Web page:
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Quality of life after postconflict displacement in Ethiopia: comparing placement in a community setting with that in shelters
Umeå University, Faculty of Medicine, Clinical Sciences.
Manuscript (Other academic)
Identifiers
URN: urn:nbn:se:umu:diva-2779OAI: oai:DiVA.org:umu-2779DiVA: diva2:141047
Available from: 2007-11-16 Created: 2007-11-16 Last updated: 2010-01-13Bibliographically approved
In thesis
1. Postconflict internally displaced persons in Ethiopia: mental distress and quality of life in relation to traumatic life events, coping strategy, social support, and living conditions
Open this publication in new window or tab >>Postconflict internally displaced persons in Ethiopia: mental distress and quality of life in relation to traumatic life events, coping strategy, social support, and living conditions
2007 (English)Doctoral thesis, comprehensive summary (Other academic)
Abstract [en]

Background: There are about 23.7 million internally displaced persons worldwide today, still living in the low-income countries. Ethiopia has for the past four decades been ravaged by war and famine. A lengthy civil war resulted in Eritrea, formerly a part of Ethiopia, becoming an independent state in 1991. This war led to displacement of one million people, and currently there are about 55000 internally displaced Ethiopians in Addis Ababa, most of them living in temporary shelters. A minority resettled in a small town Debre Zeit south east of Addis Ababa, dispersed in the community.

Objectives: To study the consequences of trauma and extreme stress among these displaced persons.

Methods: A random sample of 1200 displaced persons was selected from the Kaliti and Kore shelters of Addis Ababa, aged between 18 and 60 years. They were interviewed by internationally validated instruments which were translated into the Ethiopian official language Amharic. Information thus obtained covered sociodemographics, childhood trauma, traumatic life events, and mental distress as assessed by the SCL-90-R, the four domains of quality of life assessed by WHOQOL-BREF, coping strategies, perceived social support, and basic living conditions. A sample of 120 subjects from the displaced persons living in Debre Zeit was similarly evaluated. A study comparing prevalence rates and risk factors for PTSD in four postconflict, low-income countries (Algeria, Cambodia, Ethiopia, Gaza) was also undertaken.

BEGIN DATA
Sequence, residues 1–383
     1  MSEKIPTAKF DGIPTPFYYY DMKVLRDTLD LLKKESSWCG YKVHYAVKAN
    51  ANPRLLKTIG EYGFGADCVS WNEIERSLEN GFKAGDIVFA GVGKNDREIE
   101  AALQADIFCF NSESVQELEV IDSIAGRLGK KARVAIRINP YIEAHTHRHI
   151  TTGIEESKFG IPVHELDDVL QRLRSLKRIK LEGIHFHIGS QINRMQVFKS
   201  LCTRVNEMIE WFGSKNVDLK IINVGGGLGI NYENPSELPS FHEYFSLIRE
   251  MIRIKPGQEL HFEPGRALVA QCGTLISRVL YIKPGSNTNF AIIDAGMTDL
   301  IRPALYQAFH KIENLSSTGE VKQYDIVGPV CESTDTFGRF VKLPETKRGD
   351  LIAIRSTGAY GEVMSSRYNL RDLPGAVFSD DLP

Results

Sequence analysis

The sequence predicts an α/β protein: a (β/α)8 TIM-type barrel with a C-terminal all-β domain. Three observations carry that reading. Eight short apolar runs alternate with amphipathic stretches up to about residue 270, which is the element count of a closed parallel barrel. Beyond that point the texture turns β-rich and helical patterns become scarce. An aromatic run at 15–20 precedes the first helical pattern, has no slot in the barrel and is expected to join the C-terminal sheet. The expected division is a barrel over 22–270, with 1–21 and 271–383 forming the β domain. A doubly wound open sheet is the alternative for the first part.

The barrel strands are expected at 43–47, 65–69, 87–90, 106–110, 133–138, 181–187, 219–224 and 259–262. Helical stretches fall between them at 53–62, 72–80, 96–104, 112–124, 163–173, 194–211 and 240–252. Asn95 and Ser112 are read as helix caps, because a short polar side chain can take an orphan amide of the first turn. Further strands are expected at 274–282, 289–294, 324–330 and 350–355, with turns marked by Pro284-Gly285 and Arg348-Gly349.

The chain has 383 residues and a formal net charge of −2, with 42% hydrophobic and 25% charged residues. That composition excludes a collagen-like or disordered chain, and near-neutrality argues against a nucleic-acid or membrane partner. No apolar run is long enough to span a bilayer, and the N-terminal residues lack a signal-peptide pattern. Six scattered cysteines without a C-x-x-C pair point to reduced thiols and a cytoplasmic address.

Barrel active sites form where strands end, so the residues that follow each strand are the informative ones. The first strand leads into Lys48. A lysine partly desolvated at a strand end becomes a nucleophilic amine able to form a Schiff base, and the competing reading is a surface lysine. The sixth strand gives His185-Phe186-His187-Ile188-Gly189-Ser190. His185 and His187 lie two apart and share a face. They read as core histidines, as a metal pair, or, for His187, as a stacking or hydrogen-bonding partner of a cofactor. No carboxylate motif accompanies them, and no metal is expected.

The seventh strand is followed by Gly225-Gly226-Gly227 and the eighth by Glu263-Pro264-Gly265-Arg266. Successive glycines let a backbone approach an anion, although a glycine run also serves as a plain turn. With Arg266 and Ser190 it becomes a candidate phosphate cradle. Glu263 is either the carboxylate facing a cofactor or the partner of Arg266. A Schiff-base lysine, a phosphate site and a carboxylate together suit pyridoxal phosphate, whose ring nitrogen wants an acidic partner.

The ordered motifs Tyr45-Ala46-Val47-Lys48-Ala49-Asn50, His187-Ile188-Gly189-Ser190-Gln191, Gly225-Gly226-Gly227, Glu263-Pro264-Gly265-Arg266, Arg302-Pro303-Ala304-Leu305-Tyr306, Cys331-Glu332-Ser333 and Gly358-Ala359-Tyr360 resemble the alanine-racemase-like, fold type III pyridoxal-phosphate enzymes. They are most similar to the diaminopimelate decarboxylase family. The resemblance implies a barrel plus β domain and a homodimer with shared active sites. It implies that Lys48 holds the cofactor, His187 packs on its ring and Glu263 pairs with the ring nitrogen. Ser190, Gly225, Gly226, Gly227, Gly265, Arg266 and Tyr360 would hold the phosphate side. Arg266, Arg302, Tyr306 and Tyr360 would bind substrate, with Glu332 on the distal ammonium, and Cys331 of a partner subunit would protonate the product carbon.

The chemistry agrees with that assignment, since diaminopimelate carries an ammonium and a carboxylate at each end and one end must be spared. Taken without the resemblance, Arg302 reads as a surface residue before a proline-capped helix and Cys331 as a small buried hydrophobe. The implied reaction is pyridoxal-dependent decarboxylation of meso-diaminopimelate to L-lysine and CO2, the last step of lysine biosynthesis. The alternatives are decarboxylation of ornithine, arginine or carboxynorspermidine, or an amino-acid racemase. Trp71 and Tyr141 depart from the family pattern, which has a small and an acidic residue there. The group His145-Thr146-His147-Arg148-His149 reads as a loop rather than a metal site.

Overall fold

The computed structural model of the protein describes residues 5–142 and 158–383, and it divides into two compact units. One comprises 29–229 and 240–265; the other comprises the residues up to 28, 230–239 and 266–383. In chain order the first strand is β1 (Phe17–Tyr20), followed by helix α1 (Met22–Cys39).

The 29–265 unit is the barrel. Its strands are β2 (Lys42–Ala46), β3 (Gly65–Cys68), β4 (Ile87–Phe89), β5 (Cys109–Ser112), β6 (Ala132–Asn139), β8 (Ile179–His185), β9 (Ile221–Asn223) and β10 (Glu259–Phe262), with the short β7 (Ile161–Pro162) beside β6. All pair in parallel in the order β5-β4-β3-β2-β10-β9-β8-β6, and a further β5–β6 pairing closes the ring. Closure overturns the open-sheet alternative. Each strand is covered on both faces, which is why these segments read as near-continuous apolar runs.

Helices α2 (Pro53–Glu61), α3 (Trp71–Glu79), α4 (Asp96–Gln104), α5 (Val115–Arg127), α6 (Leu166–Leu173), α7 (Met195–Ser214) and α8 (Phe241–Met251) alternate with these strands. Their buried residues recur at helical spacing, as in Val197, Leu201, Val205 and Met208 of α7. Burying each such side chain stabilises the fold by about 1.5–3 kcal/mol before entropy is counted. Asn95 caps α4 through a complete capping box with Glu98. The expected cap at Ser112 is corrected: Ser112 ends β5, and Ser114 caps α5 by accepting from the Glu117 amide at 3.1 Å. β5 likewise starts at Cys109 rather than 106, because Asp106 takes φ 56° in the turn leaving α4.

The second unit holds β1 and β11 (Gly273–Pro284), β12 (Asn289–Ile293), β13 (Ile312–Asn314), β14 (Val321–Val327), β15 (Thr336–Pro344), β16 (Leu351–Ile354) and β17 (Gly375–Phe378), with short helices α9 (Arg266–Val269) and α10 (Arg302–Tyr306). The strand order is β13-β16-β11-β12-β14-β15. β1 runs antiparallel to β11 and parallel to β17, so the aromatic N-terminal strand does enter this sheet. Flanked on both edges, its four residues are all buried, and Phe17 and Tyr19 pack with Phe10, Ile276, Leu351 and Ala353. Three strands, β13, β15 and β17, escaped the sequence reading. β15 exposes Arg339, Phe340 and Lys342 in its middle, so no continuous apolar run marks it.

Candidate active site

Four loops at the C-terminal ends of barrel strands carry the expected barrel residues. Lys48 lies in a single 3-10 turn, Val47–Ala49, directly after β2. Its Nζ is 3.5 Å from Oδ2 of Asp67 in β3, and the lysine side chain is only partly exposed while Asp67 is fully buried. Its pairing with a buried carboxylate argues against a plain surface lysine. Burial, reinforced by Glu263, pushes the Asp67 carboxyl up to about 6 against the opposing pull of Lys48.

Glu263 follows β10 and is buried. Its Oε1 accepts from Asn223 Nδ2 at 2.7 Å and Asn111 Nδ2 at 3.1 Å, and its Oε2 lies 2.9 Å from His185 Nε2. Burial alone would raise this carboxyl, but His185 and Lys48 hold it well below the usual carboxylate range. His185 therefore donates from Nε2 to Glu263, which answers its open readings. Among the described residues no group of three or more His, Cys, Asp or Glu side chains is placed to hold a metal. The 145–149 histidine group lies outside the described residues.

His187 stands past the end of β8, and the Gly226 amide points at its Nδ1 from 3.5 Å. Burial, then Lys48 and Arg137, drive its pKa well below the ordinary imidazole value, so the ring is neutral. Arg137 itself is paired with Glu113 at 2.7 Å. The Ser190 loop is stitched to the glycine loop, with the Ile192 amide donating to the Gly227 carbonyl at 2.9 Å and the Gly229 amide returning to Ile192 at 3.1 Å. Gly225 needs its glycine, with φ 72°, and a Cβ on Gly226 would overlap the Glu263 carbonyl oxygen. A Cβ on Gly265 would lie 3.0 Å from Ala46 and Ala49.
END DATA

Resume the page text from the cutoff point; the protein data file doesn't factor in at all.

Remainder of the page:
Results: Men, compared to women, reported significantly higher experience of trauma, higher perceived social support, and higher task-oriented coping. Women reported higher emotion-oriented coping. In both genders, emotion-oriented coping was correlated with higher trauma events, and task-oriented coping was correlated with higher perceived social support. Mental distress increased and quality of life decreased with age. Mental distress mediated the effects of most trauma in reducing quality of life, and some trauma reduced quality of life directly. Living conditions were also significantly related to quality of life. Coping strategies and perceived social support influenced mental distress and quality of life directly as well as indirectly by moderation, in part gender specific. Placement in the community setting of Debre Zeit gave a better quality of life compared to placement in the shelters of Addis Ababa. This difference was accounted for by the difference in living conditions, particularly protection from animals (rodents) and insects (mosquitoes), for three domains of quality of life. For domain 3 (social relationships), however, several further factors accounted for the difference, like marital status, ethnic belonging and coping strategy. The comparative study of 4 postconflict countries contributes to the theory that trauma may be the direct cause of the onset of PTSD but that a multiplicity of other adverse events determine the development of this disorder.

Conclusions: Using the same assessment methods, a wide range of rates of symptoms of PTSD were found among 4 low-income populations who have experienced war, conflict, or mass violence. In the Ethiopian context we also found gender differences in the trauma background, coping strategies and perceived social support. Mental distress mediated much of the effects of trauma on quality of life. Coping strategies and perceived social support were significant moderators in this process.

Place, publisher, year, edition, pages
Umeå: Psykiatri, 2007. 80 p.
Series
Umeå University medical dissertations, ISSN 0346-6612 ; 1143
Keyword
Psychiatry, Ethiopia, postconflict displaced persons, trauma, mental distress, quality of life, coping, social support, Psykiatri
Research subject
Psychiatry
Identifiers
urn:nbn:se:umu:diva-1434 (URN)978-91-7264-458-8 (ISBN)
Public defence
2007-12-12, Psykiatriska klinikens föreläsningssal A, 23, Norlands universitetssjukhus, 901 85 Umeå, 09:00 (English)
Opponent
Supervisors
Available from: 2007-11-16 Created: 2007-11-16 Last updated: 2010-10-11Bibliographically approved

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Citation style
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